Permanent insurance is much more expensive than term insurance. Why buy it? Because it can never be canceled as long as you pay the premiums, and because it's also an investment.
With a permanent policy, your premium payments for the first few (or more than a few) years cover more than the insurance company's cost of your risk of death. The excess money goes into a reserve account, which is invested by the insurance company. Unless the company is disastrously managed, these investments yield returns in the form of interest or dividends. A proportion of these are passed along to you. You can add these returns to your policy reserves or borrow against them, after a set time. And if you decide to end the policy, you can cash it in for the "surrender value."
Returns that accumulate are not taxable, unless the money is actually distributed to you. Certain partial withdrawals can even be made without paying tax. By contrast, the interest on bank accounts is subject to tax in the year it is paid, even if left untouched in the account.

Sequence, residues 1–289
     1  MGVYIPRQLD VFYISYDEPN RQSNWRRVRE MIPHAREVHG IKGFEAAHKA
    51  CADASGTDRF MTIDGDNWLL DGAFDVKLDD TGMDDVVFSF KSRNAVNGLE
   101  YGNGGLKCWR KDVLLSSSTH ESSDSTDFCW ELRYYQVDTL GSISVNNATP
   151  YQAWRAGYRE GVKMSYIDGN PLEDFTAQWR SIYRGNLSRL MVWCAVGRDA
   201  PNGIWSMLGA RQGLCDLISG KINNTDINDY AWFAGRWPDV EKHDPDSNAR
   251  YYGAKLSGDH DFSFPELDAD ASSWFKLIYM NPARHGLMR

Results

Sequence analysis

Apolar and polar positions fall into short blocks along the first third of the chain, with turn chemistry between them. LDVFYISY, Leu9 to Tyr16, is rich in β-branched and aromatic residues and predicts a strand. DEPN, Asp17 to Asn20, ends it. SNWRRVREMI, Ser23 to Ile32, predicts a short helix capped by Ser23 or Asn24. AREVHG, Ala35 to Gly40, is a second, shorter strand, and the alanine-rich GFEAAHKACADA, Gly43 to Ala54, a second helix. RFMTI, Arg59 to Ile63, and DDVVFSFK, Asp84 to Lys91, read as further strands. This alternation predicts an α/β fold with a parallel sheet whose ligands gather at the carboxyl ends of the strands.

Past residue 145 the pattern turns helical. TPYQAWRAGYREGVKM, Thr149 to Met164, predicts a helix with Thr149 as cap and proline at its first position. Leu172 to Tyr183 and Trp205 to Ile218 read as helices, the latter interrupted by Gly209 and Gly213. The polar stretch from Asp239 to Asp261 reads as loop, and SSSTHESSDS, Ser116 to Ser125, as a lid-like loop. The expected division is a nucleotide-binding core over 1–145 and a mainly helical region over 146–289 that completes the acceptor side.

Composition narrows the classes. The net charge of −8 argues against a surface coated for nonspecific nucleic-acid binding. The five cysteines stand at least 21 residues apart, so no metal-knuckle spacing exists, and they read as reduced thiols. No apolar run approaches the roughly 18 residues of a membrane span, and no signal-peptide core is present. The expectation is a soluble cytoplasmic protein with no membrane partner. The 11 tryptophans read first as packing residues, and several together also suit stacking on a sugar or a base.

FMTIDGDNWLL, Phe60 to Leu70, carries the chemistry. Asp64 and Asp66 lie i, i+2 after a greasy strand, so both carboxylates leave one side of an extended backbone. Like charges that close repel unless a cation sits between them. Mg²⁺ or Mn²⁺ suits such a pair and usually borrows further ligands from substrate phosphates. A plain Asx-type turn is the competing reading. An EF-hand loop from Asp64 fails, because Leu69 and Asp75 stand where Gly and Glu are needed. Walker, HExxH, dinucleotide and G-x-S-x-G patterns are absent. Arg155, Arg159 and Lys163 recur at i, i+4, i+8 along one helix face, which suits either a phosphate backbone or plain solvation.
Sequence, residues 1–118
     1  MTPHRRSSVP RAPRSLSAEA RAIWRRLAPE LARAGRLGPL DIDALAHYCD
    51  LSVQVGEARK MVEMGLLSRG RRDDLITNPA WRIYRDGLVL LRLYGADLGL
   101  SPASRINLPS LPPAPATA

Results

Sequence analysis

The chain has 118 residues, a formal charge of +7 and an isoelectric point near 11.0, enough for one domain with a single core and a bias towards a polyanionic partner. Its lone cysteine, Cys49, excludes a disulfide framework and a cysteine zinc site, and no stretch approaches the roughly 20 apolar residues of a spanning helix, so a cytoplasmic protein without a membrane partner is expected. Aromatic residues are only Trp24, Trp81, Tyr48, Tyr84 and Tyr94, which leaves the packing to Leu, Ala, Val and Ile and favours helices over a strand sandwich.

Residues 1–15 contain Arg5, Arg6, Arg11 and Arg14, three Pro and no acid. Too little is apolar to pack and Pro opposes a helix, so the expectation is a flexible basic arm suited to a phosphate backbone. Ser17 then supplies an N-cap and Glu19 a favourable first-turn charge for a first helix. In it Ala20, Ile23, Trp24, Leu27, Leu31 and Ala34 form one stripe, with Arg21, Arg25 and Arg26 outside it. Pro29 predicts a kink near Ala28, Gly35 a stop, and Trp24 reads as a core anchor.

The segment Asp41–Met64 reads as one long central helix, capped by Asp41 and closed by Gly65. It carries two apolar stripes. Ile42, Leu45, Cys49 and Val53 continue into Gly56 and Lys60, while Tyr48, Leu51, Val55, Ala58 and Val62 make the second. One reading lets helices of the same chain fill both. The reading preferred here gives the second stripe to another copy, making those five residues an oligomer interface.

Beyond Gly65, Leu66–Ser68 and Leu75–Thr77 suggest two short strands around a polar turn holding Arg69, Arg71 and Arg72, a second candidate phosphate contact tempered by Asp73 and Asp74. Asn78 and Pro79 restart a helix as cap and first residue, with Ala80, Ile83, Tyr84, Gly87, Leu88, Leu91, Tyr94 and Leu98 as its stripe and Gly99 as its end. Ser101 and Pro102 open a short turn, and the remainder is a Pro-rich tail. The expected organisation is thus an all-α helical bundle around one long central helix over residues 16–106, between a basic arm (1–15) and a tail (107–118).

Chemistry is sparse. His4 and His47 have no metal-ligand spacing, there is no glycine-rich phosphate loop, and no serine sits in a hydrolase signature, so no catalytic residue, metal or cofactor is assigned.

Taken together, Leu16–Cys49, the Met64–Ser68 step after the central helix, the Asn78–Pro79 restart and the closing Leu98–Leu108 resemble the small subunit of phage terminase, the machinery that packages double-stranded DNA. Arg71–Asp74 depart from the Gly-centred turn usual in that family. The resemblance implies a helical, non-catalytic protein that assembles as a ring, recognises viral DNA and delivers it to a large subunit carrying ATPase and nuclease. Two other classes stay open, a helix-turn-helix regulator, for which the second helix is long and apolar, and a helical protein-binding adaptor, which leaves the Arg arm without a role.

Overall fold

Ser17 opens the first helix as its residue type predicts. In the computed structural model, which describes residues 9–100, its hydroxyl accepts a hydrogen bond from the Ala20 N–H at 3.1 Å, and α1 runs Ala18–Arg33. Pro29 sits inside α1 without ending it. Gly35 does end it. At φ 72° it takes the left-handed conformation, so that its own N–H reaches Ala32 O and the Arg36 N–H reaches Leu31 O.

However, although permanent insurance policies do function as an investment, maximizing your investment return is not the purpose of insurance. If that's what you want, you'd probably do better to buy cheaper term insurance and put the money you save in other tax-deferred investments.
Here are more details on several types of permanent life insurance.
Whole life (sometimes called "straight life") insurance provides a set dollar amount of coverage which can never be canceled, in exchange for fixed, uniform payments. Because the payments are the same throughout your life, in the early years of the policy, the premiums are high compared to your statistical risk of death. This is why reserves are built up. Assuming you live a long while after the policy was issued, your payments become low -- compared to your risk of death. In other words, during the first few years of a whole life policy, insurance companies take in substantially more money than they pay out.
Some of the surplus goes to pay the insurance agent's commission. Some of it becomes your cash reserve, which the company puts in fixed-income investments. After a set time, usually several years, you have the right to borrow against the cash reserve. You can also, of course, cancel the policy and receive its cash surrender value.